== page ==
- Boeing’s Super Hornet is no longer in the running to replace the military’s ageing CF-18s, according to the federal government.
- Lockheed Martin and Saab stated that they were looking forward to working with the government during the competition’s final stretch.
Canada’s decade-long quest for a new fighter plane has been reduced to two options.
The federal government confirms that Boeing’s Super Hornet is no longer in the running to replace the military’s ageing CF-18s.
Public Services and Procurement Canada announced on Wednesday, nearly a week after Boeing was reportedly told its bid for the $19 billion contracts did not meet Ottawa’s requirements.
At the time, Prime Minister Justin Trudeau’s Liberal government refused to comment publicly. It was unclear whether the US aerospace giant had been dropped from the competition to supply Canada with 88 new fighter jets.
However, in a statement on Wednesday, the federal procurement department confirmed that Lockheed Martin’s F-35 stealth fighter and the Swedish Saab Gripen were the only two still in contention.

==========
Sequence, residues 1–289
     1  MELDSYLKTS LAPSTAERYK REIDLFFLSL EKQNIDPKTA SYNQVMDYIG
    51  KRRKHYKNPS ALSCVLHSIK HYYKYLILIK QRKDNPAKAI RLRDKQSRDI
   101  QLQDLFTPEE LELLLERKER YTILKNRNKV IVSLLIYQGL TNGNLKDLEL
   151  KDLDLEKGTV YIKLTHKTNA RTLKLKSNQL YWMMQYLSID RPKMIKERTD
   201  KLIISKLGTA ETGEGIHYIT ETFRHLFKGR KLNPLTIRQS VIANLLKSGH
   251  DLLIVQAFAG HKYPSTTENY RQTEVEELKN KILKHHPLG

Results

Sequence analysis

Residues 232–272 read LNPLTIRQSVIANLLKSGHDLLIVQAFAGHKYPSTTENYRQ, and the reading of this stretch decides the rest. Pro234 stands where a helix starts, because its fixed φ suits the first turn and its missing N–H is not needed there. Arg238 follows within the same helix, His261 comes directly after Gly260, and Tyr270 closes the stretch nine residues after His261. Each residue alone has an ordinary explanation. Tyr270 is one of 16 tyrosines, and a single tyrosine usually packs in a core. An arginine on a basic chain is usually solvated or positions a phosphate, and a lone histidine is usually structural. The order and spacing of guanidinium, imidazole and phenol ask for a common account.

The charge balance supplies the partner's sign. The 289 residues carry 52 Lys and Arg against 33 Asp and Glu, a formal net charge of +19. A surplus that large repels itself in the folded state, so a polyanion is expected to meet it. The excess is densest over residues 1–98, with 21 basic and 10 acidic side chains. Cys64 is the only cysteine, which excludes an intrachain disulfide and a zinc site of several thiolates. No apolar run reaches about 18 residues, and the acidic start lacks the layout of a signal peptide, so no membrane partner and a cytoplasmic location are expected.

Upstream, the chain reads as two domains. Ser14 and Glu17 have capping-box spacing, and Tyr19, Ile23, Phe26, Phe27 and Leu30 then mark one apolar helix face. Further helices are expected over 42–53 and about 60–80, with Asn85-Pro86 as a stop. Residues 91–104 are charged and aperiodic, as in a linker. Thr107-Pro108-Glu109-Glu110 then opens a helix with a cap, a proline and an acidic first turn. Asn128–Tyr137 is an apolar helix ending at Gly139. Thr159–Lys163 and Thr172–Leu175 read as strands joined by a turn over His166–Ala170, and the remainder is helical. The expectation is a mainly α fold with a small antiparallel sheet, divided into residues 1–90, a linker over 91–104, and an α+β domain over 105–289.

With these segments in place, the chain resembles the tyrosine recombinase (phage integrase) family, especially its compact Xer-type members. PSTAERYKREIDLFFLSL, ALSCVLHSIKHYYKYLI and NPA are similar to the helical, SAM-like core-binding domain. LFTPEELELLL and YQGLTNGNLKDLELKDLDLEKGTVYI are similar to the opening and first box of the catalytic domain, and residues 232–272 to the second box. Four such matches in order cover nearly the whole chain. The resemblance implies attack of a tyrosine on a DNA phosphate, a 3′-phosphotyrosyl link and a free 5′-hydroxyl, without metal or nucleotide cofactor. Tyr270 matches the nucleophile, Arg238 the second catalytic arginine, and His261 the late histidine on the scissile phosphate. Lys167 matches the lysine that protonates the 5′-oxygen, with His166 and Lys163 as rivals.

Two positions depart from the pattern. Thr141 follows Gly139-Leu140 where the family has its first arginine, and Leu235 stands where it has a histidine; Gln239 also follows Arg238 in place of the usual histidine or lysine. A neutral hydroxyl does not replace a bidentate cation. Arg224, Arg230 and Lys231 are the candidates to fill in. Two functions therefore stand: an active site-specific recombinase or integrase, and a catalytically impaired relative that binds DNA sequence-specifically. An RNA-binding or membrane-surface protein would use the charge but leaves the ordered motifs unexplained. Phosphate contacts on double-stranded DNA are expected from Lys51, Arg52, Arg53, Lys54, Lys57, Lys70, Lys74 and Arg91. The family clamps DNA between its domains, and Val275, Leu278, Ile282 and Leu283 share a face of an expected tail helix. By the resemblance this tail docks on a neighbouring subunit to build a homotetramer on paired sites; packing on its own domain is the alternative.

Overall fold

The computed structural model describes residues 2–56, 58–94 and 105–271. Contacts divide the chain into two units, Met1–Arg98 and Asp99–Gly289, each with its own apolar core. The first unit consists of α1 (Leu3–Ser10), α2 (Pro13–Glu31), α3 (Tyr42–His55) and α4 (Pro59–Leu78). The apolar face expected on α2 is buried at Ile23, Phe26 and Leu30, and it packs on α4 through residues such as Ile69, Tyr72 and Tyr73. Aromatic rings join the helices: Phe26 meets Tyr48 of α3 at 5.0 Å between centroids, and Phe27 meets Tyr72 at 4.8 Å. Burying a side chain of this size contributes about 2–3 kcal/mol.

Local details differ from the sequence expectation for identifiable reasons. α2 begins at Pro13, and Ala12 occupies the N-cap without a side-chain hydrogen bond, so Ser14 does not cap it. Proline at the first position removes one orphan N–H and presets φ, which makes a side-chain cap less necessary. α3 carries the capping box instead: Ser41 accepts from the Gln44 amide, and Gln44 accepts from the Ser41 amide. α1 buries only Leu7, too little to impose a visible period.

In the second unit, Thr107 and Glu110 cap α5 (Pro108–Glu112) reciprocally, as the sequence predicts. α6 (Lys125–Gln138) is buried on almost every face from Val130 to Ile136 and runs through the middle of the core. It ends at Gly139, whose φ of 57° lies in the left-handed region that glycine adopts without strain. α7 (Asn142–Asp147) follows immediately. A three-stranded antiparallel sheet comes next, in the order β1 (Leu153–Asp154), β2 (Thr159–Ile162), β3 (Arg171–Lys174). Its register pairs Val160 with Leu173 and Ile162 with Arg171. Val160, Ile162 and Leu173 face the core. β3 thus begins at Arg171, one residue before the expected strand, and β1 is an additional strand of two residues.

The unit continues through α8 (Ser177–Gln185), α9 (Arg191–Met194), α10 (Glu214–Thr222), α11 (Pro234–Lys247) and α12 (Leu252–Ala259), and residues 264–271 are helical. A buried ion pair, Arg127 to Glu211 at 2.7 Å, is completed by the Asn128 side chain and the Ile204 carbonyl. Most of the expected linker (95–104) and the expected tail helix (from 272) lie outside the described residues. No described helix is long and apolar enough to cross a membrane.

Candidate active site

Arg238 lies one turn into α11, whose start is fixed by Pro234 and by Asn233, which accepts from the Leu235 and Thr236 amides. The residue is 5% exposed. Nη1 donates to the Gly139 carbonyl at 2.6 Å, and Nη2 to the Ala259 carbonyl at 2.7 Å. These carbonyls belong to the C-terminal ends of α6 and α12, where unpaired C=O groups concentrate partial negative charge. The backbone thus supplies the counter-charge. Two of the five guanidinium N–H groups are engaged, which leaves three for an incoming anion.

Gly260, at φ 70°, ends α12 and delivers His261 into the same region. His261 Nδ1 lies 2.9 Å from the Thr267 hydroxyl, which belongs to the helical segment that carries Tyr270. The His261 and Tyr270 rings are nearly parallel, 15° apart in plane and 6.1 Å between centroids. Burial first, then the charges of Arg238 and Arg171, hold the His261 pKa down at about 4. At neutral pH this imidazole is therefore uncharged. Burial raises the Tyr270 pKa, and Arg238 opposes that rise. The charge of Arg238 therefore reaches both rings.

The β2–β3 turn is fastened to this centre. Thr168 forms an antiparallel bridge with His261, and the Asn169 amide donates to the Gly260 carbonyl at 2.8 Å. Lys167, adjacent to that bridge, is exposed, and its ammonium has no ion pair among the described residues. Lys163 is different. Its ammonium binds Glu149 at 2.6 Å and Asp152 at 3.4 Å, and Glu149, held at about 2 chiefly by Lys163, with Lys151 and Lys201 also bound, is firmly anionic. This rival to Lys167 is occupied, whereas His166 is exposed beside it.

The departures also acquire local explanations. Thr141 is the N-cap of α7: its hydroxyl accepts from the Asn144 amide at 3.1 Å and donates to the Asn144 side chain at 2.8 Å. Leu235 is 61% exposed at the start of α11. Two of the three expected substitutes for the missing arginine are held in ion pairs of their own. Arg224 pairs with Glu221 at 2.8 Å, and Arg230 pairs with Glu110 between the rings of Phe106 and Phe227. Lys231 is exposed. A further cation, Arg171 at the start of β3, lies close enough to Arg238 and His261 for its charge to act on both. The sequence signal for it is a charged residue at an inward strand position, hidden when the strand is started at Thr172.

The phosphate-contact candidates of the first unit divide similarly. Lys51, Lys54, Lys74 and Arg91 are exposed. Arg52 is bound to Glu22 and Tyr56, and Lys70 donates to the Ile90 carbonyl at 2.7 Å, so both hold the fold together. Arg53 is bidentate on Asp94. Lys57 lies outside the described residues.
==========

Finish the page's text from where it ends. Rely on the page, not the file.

While the statement did not explain why Boeing’s offer was rejected, the fact that one of the two United States companies competing for the contract did not make the final shortlist is a significant development.
Following the announcement by the government, Boeing issued a statement in which it stated that it was “disappointed and deeply concerned” that its Super Hornet had not advanced to the next phase of the competition.
“We are working with the US and Canadian governments to understand the decision better and are looking for the earliest possible date to request a debrief to determine our next steps,” the company said.
Because of Canada’s close relationship with the US, which includes using fighter jets to defend North American airspace daily, many observers saw the Super Hornet and F-35 as the only real competition.
Those perceptions were heightened when two other European companies dropped out of the competition before it even began, claiming that the government’s requirements had stacked the deck in favor of their American competitors.
Airbus and Dassault, in particular, had expressed dissatisfaction with the onerous requirements associated with adapting their aircraft — the Eurofighter and Rafale, respectively — to meet Canada’s intelligence-sharing needs.
Among these requirements was the ability of their aircraft to integrate with the top-secret Canada-US intelligence network known as “Two Eyes,′′, which is used to defend North America.
In addition, Sweden is not a member of NATO or NORAD, the joint Canadian-American defense command in charge of protecting the continent against foreign threats. This raised concerns about the Gripen’s compatibility with US aircraft.
On Wednesday, Lockheed Martin and Saab stated that they were looking forward to working with the government during the competition’s final stretch.
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